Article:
23. Sonograph about palatepharygenous
    24. Letter from Minoru Hirano to Vennard July 2, 1968
    25. Letter from Minoru Hirano to Vennard June 28 1968
    26. Letter from Minoru Hirano to Vennard July 9 1968
    27. Letter to Dr. Hirano from Vennard
    28. Tables of Vennard singing  + muscle usage.
    29. Notes on Swelltones Extrinisic Thyrohyoid, Sternohyoid and Digastric 5 pages.
    30. Table on Thyrohyoid Scales with different positions (6 pages)
    31. Notes on Varieties of Singing Technique
    32. Tables on voices of Vennard and Moore with extensive notes regarding muscle usage

Compiled by Rina Ritivoiu

Folder (Written “Stanley”)

  1. Typewritten
    1. The ruined voice by tension on the neck
    2. Quotes from a book
    3. Description of a good quality of singing
    4. Collected quotations of vocal organs and their relations to singing
  2. Photocopy
    1. Book “ The Science of Voice”
  3. Typewritten
    1. Stanley - 7a-o. manipulation
    2. Stanley - 8a-b. The Exercise that Wilcox Elaborated
    3. Stanley - 9a-c. Breathing
    4. Stanley - 10a-c. The Attack
    5. Stanley - 11a-b. Vibrato
    6. Stanley - 12a. Mention of Specific Pitches with reference to registration
    7. Stanley - 13a-b. Vowels (Women’s voice)
    8. Stanley - 14. Voice Classification
    9. Stanley - 1945 1-7. S’45 Collections on Falsetto, Tongue, Thyroid Manipulation, and the Registration

Folder (Written “TIFFANY”)

  1. Journal article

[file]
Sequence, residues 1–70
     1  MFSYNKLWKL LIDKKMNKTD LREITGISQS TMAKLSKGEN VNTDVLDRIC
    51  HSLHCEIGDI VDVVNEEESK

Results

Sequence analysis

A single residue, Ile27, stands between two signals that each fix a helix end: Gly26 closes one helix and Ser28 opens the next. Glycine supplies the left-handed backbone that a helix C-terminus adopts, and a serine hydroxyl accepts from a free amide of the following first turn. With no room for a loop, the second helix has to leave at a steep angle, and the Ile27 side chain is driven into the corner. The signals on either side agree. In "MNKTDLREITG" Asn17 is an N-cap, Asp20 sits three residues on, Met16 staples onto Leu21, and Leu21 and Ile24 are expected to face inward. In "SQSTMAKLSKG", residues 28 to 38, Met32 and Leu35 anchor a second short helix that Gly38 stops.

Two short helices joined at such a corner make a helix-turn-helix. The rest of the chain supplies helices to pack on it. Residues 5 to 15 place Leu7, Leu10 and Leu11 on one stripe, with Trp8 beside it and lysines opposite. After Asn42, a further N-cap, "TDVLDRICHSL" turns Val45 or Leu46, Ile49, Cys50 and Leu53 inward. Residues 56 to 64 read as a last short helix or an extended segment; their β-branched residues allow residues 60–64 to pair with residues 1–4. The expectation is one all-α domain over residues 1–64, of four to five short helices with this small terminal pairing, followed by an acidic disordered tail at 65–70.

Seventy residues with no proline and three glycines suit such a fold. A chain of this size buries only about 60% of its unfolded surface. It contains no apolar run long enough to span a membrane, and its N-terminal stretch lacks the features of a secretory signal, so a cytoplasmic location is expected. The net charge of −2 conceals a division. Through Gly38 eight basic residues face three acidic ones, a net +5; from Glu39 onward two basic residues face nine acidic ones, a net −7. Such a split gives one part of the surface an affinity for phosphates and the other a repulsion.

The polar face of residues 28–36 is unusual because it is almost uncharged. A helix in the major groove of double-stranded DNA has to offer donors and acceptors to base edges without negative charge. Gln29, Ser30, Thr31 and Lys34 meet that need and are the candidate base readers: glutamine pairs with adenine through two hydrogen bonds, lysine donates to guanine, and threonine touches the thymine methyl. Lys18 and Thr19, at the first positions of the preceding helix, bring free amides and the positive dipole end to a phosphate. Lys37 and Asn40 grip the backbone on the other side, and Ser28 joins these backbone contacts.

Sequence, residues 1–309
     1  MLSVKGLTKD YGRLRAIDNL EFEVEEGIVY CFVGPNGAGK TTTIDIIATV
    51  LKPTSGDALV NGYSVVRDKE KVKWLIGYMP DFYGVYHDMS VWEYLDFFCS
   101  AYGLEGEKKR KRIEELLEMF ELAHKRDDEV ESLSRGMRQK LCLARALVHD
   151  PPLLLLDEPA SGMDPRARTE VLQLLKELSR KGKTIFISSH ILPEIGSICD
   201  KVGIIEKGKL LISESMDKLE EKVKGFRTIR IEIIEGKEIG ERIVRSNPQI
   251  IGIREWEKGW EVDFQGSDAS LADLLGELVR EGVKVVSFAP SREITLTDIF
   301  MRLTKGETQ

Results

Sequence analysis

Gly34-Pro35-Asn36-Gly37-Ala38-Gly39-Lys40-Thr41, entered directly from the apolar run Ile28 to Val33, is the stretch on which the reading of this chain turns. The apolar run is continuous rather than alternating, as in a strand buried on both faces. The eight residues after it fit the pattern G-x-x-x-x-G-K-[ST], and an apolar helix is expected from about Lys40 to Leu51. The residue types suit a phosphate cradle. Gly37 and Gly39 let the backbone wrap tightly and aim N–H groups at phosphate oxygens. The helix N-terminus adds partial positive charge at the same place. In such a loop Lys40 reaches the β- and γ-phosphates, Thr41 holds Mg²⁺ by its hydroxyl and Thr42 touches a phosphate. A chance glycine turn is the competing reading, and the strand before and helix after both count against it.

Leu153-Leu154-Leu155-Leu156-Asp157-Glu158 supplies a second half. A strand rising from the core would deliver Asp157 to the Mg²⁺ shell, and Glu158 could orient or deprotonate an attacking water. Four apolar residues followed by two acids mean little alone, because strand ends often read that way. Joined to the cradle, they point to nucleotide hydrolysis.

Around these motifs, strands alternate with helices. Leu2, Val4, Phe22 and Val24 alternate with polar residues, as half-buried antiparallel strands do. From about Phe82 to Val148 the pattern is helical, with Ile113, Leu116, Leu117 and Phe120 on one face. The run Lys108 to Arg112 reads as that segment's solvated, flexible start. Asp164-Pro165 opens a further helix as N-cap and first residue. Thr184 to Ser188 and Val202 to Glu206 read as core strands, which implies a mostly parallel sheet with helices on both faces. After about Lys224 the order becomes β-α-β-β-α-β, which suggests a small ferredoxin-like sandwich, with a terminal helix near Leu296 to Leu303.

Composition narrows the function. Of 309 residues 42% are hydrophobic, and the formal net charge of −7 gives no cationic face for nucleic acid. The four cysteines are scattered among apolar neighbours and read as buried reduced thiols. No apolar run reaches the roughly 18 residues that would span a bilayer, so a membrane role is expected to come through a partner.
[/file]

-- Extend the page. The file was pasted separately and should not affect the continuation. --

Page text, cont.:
1. Reprinted from the Journal of Speech and Hearing Research
    2. Title “Intelligibility of Slow-Played Speech” by William R. Tiffany and Delmond N. Bennett
  2. Typewritten
    1. From William R. Tiffany. Letterhead University of Washington Department of Speech Seattle 5 September 9, 1964
      1. Addressing vowels and the problem of intelligibility in singing
  3. Article
    1. Title “Slurvian Translation as a Speech Research Tool” by William R. Tiffany
  4. Journal article
    1. Reprinted from the Journal of Speech and Hearing Research
    2. Title “ The Effects of Group Pressure On Judgments of Speech Sounds” by Gerald R. Miller and William R. Tiffany
  5. Article
    1. Title “Sound Mindedness: Studies in the Measurement Of “Phonetic Ability”” by William R. Tiffany
  6. Typewritten
    1. To William R. Tiffany September 4, 1964
      1. Requesting some documentation for the schwa vowel analyzed electronically because it applies to singing pedagogy.
      2. The backside of the same paper: memo from William Bernard to Executive Committee and Policy Board. Subject New York Chapter National Association of Teachers of Singing May 2, 1964
        1. Marilyn Horne’s recital
        2. Misunderstanding, needing to vote, disapproval of publication that could potentially damage the general morale
        3. 33 member resignation 
  7. Photocopy
    1.  The Journal of Speech and Hearing Research, Volume 2, No. 4. December 1959